Recent graduates gain experience as videographers on campus
When Wheaton College decided to adopt a hybrid tutorial model for the 2020–21 academic year, Associate Professor of Filmmaking Patrick Johnson could see a clear need for technical support. So he reached out to familiar sources—his own former students.
Using the Caroline Edwards Fund for Film and Visual Studies, he hired Keegan Douglass ’20 and Dominick Torres ’20. Starting in August 2020, the two film and new media studies majors spent the fall semester working on a wide range of video projects, and Torres is continuing during the spring semester as a film instructor for the theater course taught by Associate Professor of Theatre and Dance Stephanie Burlington Daniels ’97 “Ensemble Experiments: Wrestling History.”
“I knew that Wheaton faculty would need to produce an incredible amount of video content. Some material, such as lectures, could be produced individually with basic training. However, faculty who had labs or needed to demonstrate complex processes would definitely need some help,” Johnson said. “I also knew that there was an incredible talent pool in the recent film and new media studies graduates that could really help with their professional skills.”
The opportunity has allowed Torres and Douglass to take what they learned in their coursework as students and put it into professional practice as they launch their careers.
Torres was involved in video recording the summer Wheaton Inclusive STEM Excellence lecture series; filming for online courses taught by professors Leah Dyjak, Nancy Lane, Hilary Gaudet, Primrose Boynton and Jennifer Lanni. He also was the producer of the Diana Davis Spencer ’60 inaugural debate series event that was recorded in New York City and on campus.
Douglass recorded classes and labs with professors Matthew Evans, Chris Kalberg, Scott Shumway, Lane and Gaudet; interviews with students, faculty, President Dennis M. Hanno and Provost Renée T. White; and innovation lab tutorials.
Torres hopes to start his own business to make films, commercials and music videos. “I want to create a production company that focuses on bringing to screen the complexities and intersections of identity,” he said.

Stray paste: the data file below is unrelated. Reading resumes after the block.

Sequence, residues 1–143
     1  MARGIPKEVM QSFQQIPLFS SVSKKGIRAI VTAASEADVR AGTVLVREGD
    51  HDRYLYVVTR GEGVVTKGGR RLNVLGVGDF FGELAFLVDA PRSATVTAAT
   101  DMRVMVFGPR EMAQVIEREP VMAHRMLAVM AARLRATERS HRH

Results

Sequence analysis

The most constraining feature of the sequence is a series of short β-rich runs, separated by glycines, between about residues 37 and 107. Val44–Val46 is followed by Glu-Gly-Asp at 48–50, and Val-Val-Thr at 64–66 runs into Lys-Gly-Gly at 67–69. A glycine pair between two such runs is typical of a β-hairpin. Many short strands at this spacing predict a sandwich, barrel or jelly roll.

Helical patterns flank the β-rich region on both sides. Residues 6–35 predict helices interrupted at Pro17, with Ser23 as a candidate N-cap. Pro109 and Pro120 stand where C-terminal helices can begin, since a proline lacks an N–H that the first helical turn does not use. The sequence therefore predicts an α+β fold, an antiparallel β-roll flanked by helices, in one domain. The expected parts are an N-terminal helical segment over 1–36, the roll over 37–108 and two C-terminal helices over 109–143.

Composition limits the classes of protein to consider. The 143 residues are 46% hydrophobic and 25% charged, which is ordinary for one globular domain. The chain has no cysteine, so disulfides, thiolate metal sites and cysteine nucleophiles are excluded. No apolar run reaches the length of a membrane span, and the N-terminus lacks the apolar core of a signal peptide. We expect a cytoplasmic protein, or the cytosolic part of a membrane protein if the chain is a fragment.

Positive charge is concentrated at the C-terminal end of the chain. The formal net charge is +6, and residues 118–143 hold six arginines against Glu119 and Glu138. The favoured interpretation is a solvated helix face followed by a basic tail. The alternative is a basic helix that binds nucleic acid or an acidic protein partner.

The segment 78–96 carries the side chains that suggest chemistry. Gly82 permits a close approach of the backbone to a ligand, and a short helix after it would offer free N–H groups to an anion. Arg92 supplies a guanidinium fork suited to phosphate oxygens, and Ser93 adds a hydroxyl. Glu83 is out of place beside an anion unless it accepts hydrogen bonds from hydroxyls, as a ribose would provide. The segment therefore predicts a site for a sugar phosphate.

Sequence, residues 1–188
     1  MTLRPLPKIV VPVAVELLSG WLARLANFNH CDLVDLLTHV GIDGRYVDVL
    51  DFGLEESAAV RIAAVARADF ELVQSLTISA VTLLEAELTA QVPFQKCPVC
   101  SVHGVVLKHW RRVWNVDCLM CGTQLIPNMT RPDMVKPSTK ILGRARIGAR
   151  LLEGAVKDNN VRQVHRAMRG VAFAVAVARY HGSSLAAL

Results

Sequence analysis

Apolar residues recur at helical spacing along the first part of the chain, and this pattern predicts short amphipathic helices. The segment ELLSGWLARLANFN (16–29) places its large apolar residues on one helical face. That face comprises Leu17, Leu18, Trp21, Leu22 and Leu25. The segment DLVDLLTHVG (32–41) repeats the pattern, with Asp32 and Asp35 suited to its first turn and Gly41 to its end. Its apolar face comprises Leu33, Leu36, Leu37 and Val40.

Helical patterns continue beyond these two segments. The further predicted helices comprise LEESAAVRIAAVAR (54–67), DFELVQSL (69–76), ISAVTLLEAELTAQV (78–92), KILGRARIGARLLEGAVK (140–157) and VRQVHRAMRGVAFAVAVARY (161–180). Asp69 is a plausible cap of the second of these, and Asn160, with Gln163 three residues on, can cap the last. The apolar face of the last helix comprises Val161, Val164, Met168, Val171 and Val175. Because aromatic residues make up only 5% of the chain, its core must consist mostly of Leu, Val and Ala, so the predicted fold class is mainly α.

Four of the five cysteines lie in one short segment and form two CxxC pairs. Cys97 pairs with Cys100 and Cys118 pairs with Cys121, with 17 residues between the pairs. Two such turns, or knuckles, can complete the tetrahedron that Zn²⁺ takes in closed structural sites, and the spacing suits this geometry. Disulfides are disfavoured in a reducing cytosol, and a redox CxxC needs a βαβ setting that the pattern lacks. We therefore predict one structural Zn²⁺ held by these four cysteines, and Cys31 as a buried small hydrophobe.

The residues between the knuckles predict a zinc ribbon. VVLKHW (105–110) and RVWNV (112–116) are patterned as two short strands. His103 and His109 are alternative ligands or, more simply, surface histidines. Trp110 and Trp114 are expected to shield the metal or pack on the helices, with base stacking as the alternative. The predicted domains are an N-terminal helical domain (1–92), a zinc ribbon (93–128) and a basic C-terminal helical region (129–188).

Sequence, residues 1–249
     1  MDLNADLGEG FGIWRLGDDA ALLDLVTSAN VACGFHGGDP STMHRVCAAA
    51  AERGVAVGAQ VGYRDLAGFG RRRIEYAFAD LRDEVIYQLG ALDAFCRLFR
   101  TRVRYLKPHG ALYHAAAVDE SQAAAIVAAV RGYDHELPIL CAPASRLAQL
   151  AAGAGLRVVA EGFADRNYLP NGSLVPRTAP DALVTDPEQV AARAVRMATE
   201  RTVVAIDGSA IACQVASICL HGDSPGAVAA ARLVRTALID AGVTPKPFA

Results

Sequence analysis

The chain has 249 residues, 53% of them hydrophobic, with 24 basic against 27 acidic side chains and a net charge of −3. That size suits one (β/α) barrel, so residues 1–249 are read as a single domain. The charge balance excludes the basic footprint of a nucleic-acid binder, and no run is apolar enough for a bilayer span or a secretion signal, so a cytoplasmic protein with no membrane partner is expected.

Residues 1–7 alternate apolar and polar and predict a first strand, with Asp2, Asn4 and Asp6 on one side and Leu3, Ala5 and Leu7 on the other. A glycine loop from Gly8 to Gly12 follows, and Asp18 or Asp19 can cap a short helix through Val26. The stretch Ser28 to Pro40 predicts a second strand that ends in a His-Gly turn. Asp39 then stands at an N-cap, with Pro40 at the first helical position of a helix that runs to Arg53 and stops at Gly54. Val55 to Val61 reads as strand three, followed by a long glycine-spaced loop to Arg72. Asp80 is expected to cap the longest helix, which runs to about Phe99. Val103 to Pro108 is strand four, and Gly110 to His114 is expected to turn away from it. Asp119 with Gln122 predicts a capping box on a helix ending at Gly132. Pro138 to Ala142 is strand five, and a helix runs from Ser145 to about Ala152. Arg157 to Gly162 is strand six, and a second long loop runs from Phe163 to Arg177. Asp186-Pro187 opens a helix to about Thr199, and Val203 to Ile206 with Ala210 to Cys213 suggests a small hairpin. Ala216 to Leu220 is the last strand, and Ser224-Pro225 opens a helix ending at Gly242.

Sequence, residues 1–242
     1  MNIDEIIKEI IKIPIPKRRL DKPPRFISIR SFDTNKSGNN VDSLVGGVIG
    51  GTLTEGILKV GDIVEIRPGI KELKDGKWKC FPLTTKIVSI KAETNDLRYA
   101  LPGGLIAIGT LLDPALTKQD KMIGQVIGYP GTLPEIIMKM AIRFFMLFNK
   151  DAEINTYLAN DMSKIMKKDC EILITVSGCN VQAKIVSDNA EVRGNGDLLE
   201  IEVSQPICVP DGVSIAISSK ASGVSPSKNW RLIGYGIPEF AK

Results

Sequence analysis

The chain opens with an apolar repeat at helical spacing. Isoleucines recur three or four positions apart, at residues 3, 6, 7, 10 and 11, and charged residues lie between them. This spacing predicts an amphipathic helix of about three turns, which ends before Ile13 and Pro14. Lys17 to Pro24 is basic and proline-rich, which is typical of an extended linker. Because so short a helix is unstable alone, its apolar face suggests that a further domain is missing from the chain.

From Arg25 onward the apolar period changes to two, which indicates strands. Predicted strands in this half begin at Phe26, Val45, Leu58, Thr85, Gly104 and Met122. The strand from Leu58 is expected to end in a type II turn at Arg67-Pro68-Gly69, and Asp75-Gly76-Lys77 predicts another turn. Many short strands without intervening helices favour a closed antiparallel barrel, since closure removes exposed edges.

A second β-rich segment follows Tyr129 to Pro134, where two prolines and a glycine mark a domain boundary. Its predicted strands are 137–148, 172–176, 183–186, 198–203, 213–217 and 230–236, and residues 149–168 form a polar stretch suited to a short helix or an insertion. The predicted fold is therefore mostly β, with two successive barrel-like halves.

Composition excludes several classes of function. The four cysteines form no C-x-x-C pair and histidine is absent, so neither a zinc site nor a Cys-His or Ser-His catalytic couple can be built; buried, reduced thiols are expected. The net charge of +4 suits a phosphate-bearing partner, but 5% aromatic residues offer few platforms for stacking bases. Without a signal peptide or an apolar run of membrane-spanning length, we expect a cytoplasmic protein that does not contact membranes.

“I have always had an interest in education and the learning process and how my skills as a filmmaker can be a part of education. So, when I was tasked with helping to make in-person coursework into a consumable online format, I jumped at the opportunity to combine my interests. What I enjoy most is trying to find creative solutions to help engage students,” Torres said.
Douglass hopes to do work recording, designing and mixing sound for films, podcasts or radio. “My main area of interest is audio production. I could also see myself making videos for businesses and organizations as I have in the past,” he said.
“I’m extremely thankful to have had work during this erratic moment in history. Other jobs that I was close to securing pre-pandemic are all gone, so it has been a blessing to utilize my video production skills. This job has allowed me to enhance my skills, gather more portfolio material and secure recommendations from clients,” Douglass said.
While students at Wheaton, the videographers engaged in experiential learning outside of the classroom. Torres was a filmmaker in residence on campus and on a faculty-led trip to Puerto Rico and worked with Michael Kristy ’18 as director of photography for Kristy’s feature film “Paint the Eyes First.” For two summers, Douglass interned at MassChallenge, where he helped make videos for startup companies, working with Professor of Film and New Media Studies Josh Stenger and Instructor of Business and Management C.C. Chapman. Douglass also was an intern with Wheaton’s Office of Marketing and Communications.
Johnson said he has enjoyed watching the growth of his former students. “I’ve taken an enormous amount of pride in seeing how professional and independent they are. Honestly, I simply played matchmaker between them and faculty. They handled everything else: scheduling, pre-production, filming, directing and editing. I didn’t feel like I was working with former students. I felt like I was working with professional colleagues.”